Since the beginning of this year, quantum computing has attracted vast attention, with an increasing number of companies competing for leadership in the field.
Today, Baidu announced its establishment of the Institute for Quantum Computing. It plans to establish world-class standards within the next five years and gradually integrate quantum computing into its business.
Baidu Institute for Quantum Computing will conduct research on quantum computing software and IT application. Professor Runyao Duan, the founding director for the Center of Quantum Software and Information at the University of Technology Sydney, will serve as director of the Institute and will report directly to Ya-Qin Zhang, president of Baidu.
Duan earned both his bachelor and doctorate degrees in computer science from Tsinghua University, and is now a tenured professor at the University of Technology Sydney and a Future Fellow of the Australian Research Council. He began to work as the founding director for the Center of Quantum Software and Information in Sept. 15 2016. His major focus of research is quantum computing and quantum information theory, especially quantum entanglement characteristics and application, and quantum communication channel capacity.
Since then, BAT (Baidu, Alibaba and Tencent) all joined to compete in quantum computing.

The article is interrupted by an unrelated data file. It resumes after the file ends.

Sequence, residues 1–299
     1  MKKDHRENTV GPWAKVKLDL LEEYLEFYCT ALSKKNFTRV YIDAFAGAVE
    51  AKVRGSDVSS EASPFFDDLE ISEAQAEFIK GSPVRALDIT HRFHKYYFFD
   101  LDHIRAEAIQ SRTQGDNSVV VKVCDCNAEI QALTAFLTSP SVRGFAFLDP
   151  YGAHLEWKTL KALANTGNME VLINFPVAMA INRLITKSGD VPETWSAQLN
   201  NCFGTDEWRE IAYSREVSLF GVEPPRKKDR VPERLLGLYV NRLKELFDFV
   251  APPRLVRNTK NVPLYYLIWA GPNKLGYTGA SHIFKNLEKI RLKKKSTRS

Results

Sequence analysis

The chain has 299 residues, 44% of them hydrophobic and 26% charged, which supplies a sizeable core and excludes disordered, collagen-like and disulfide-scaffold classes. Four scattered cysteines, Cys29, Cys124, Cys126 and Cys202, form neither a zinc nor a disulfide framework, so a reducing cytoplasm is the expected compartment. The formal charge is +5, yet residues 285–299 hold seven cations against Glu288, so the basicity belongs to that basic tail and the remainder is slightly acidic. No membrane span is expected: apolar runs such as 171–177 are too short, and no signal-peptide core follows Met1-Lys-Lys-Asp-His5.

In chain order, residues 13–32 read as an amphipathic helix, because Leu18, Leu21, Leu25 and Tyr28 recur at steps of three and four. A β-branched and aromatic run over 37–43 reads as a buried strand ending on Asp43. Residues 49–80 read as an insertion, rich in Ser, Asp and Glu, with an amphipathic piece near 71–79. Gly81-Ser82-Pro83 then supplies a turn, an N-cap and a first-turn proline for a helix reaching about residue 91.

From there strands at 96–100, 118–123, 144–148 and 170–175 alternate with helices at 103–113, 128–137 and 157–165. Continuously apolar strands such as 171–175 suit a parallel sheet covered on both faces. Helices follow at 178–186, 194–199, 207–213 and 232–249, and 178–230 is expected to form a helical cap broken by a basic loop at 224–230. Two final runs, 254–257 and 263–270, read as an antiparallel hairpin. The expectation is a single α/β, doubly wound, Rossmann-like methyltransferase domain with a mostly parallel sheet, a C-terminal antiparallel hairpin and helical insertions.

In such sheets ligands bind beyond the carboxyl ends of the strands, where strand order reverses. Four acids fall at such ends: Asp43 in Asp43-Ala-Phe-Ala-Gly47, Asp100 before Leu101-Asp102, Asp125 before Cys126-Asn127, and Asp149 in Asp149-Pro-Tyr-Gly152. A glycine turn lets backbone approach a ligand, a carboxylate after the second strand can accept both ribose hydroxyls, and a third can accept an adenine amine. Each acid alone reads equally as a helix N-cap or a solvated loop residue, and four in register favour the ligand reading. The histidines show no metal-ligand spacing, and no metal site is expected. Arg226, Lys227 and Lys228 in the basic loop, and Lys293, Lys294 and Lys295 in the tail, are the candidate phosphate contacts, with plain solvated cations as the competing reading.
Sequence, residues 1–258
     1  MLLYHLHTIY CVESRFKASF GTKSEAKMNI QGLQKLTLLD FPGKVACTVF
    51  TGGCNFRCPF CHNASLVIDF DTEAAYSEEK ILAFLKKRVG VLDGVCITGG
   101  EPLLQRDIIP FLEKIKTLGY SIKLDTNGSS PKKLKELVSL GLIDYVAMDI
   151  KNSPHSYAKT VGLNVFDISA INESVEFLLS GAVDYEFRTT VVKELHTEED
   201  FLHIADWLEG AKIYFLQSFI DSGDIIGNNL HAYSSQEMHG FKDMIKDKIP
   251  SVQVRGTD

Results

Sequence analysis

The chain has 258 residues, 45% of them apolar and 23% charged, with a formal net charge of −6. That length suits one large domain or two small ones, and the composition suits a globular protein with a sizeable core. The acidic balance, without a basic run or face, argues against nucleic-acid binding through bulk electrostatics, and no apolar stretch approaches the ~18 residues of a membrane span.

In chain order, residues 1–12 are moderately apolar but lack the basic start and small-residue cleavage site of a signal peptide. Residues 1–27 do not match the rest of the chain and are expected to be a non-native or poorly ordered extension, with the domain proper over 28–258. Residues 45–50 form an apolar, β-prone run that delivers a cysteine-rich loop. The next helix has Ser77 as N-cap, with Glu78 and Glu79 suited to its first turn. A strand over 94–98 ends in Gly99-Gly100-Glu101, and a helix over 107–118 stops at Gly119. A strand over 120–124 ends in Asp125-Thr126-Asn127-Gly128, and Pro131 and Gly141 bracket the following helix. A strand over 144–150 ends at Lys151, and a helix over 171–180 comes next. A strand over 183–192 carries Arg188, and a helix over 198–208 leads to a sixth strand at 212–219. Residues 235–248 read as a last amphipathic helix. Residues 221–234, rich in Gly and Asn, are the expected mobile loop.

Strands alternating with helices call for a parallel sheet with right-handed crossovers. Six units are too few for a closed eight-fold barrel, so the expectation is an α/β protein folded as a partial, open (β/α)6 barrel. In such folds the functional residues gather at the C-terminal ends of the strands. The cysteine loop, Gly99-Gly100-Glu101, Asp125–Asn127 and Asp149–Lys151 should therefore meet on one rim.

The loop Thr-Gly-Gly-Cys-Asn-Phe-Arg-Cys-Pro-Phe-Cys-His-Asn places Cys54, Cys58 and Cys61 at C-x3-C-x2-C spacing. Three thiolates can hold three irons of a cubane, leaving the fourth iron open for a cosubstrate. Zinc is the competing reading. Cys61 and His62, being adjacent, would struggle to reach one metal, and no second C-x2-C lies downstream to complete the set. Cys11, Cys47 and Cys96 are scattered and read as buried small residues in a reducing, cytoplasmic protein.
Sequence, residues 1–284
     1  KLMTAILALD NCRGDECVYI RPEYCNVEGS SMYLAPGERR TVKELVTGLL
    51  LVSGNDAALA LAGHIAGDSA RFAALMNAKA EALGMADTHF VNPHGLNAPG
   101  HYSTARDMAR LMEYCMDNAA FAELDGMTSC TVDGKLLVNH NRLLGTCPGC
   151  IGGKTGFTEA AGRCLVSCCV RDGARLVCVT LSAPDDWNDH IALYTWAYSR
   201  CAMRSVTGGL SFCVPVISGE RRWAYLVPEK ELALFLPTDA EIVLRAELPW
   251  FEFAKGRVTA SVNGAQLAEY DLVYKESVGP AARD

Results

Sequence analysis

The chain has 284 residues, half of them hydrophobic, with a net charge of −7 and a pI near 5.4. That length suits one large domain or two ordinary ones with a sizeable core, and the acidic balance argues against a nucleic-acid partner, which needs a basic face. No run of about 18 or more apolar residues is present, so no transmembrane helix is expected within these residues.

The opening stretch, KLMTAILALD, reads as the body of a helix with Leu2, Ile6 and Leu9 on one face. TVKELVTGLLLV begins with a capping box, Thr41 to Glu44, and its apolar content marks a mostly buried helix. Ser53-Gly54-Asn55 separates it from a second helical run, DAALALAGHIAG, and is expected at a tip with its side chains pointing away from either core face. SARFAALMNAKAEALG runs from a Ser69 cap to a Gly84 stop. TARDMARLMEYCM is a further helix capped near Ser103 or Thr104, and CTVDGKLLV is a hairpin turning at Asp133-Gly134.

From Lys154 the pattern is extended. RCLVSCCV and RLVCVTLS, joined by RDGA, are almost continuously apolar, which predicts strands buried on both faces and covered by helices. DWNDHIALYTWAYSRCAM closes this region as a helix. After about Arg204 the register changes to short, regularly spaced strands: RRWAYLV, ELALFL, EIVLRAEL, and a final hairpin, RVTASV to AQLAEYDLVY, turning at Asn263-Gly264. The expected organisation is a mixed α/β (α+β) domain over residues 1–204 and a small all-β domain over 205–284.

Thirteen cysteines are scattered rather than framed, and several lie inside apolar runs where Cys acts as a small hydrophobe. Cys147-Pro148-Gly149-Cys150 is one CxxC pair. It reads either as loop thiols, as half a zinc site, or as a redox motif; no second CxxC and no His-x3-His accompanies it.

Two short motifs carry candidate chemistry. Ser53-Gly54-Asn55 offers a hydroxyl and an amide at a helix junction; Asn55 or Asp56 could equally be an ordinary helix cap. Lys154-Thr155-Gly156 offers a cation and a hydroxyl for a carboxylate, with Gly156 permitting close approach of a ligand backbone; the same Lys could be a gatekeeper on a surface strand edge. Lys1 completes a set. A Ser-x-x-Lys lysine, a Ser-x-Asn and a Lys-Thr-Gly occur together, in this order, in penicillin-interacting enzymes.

Tencent and Baidu chose to build quantum research laboratories, inviting industry leaders to lead the R&D. Alibaba is working with research institutes such as the Chinese Academy of Sciences to launch superconducting quantum computing services on its public cloud with 11-qubit servers.
Quantum computing is mainly used for large-scale complex data processing and quantum encryption of internet security services. With in-depth application of AI, requirements for computing capacities have increased. With high speed and parallel computing capabilities, quantum computing is playing an ever more important part. Therefore, Baidu, is “all-in” on AI and values the development of quantum computing.
In addition to the Chinese giants, other big companies including Intel, Google and IBM have also begun to make their moves in quantum computing. IBM is the most experienced in this field. Intel just announced at this year’s CES that quantum computing is one of the themes for future development. Google’s technological progress is also fast, demonstrated by their recent launch of the world’s first 72-qubit universal quantum computer.
At the core of quantum computers is the processor. China has lagged far behind the U.S. since the PC era in this area. Previously, Alibaba Cloud and Chinese Academy of Sciences jointly launched the first superconducting 11-qubit quantum server. In contrast, IBM developed a 20-qubit quantum computer and has presented 50-qubit prototypes. Intel launched its superconducting 49-qubit test chip at this year’s CES, and Google recently upped the qubit number to 72.
All the tech giants are striving for quantum leadership. For now, the U.S. maintains a clear lead. Unlike the mobile internet that could rise sharply with China’s demographic advantage, technological accumulation in quantum computing is a rather long process. It will not be an easy game for Chinese companies.